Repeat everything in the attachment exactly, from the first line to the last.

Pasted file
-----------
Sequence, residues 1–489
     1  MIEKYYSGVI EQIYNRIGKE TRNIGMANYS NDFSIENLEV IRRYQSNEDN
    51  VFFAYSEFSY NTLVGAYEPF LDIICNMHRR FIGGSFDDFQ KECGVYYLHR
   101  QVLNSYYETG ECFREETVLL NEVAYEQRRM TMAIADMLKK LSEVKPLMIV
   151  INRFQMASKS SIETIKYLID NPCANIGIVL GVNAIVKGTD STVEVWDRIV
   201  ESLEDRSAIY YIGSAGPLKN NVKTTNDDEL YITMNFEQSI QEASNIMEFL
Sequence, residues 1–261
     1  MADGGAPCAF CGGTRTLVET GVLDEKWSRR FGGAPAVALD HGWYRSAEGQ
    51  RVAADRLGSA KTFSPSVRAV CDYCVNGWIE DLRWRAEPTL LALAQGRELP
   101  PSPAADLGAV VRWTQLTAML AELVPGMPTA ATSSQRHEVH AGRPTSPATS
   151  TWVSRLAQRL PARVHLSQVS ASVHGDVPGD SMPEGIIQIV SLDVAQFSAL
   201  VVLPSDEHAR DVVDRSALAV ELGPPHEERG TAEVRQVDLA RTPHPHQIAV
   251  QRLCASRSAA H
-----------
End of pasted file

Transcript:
Sequence, residues 1–489
     1  MIEKYYSGVI EQIYNRIGKE TRNIGMANYS NDFSIENLEV IRRYQSNEDN
    51  VFFAYSEFSY NTLVGAYEPF LDIICNMHRR FIGGSFDDFQ KECGVYYLHR
   101  QVLNSYYETG ECFREETVLL NEVAYEQRRM TMAIADMLKK LSEVKPLMIV
   151  INRFQMASKS SIETIKYLID NPCANIGIVL GVNAIVKGTD STVEVWDRIV
   201  ESLEDRSAIY YIGSAGPLKN NVKTTNDDEL YITMNFEQSI QEASNIMEFL
Sequence, residues 1–261
     1  MADGGAPCAF CGGTRTLVET GVLDEKWSRR FGGAPAVALD HGWYRSAEGQ
    51  RVAADRLGSA KTFSPSVRAV CDYCVNGWIE DLRWRAEPTL LALAQGRELP
   101  PSPAADLGAV VRWTQLTAML AELVPGMPTA ATSSQRHEVH AGRPTSPATS
   151  TWVSRLAQRL PARVHLSQVS ASVHGDVPGD SMPEGIIQIV SLDVAQFSAL
   201  VVLPSDEHAR DVVDRSALAV ELGPPHEERG TAEVRQVDLA RTPHPHQIAV
   251  QRLCASRSAA H